Traffic Woes Continue Around Flushing Commons

Traffic Woes Continue Around Flushing Commons

The DOT created a temporary walkway along Union Street, between 37th and 39th avenues, to make it safer for pedestrian travel. Photo by Daniel Offner.

Traffic issues around the Flushing Commons construction site have yet to cease, despite an amended stipulation with the Dept. of Transportation, made last December, requiring the placement of traffic control agents around the site during the duration of the construction.

However, according to State Sen. Tony Avella (D-Bayside), developers with TDC Development, the Rockefeller Group Development Corporation and AECOM Capital hired a couple of flagmen to direct traffic, instead of complying with the agreement.

“The developers think that hiring additional flagmen is sufficient,” Avella said. “But it’s not.”

This story originally appeared in the Feb. 20, 2015 edition of the Queens Tribune.

One of the main reasons for the congestion was a closed sidewalk along Union Street, between 37th and 39th avenues. But after repeated complaints, the DOT agreed to provide a temporary pedestrian walkway on Union Street, to create a safe walking area.

While the DOT held up its end of the agreement, Avella said the developers failed to act responsibly by not fulfilling their commitment. On Feb. 19, Avella held a press conference to call on the developers to provide on-duty traffic control agents around the site.

“[The developers’] lack of action is putting people and motorists in jeopardy,” Avella said in a statement. “These developers must ensure that they provide traffic control agents to ensure driver and pedestrian safety.”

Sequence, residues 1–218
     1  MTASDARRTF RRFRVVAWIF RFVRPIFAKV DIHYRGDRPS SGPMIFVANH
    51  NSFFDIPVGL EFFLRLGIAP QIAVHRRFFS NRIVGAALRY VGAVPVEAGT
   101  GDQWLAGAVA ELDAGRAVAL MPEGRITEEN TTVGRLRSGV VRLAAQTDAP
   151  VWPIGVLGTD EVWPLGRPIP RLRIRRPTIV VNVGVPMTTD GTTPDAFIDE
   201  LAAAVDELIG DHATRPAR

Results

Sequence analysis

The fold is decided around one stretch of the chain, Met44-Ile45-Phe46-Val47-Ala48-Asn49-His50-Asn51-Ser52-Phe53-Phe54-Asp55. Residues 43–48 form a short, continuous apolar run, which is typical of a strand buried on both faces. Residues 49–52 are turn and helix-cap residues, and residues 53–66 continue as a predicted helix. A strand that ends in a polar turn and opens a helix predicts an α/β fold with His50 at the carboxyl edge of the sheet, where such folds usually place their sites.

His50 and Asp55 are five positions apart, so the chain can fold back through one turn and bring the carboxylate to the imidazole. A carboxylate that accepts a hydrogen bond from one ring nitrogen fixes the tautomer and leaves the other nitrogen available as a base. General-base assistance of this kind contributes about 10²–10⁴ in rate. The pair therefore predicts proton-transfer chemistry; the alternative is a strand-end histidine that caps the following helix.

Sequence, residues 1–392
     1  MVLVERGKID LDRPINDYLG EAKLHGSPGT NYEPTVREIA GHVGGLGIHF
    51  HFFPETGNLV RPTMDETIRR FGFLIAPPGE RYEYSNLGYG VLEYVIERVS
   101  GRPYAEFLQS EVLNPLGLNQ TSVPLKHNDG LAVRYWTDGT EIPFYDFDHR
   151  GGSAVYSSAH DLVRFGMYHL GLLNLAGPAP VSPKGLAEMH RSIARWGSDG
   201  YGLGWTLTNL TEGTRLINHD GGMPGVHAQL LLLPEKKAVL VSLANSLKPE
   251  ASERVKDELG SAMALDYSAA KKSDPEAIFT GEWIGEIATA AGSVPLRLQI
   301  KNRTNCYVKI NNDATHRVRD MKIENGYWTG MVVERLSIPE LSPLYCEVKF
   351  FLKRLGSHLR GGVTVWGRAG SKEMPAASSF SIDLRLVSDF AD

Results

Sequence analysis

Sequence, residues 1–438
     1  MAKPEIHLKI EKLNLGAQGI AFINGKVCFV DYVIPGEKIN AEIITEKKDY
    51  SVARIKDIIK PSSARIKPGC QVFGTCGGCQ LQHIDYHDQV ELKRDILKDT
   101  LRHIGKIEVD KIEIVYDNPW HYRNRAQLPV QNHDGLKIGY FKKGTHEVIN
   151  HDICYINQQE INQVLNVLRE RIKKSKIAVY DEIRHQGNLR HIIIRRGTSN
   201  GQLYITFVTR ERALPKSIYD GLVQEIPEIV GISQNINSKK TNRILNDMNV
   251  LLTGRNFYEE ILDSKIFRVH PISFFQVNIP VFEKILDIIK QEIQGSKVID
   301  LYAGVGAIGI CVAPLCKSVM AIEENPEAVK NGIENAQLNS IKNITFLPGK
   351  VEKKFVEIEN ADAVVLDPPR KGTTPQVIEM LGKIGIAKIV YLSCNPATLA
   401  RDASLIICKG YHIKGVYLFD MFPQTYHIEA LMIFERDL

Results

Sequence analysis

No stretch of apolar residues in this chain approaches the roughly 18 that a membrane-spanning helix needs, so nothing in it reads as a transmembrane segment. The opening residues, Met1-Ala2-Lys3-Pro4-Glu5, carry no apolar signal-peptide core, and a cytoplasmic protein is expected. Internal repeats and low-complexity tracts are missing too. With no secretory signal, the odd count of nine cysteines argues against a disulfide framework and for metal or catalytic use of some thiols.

Another reason for the congestion is a blocked lane along 39th Ave., between 138th Street and Union Street. Apart from increasing traffic jams, the closed lane limits room for the Q13, Q16 and Q28 busses to pickup and drop off passengers.

According to Avella, police in the 109th Precinct – located only a few blocks away from the construction site – and the local Fire Department complain that emergency responders are also having a tough time trying to get down the narrowed street.

“The congestion caused by the construction is their responsibility and they must be held accountable,” Avella said. “They have to move traffic along… if we don’t, somebody could get killed.”

The development, which broke ground last summer, will convert a 5.5-acre parcel of land into mixed-use residential, commercial, retail and community space that includes a 1,600-space public parking garage.

For the latest updates on the development of Flushing Commons, visit


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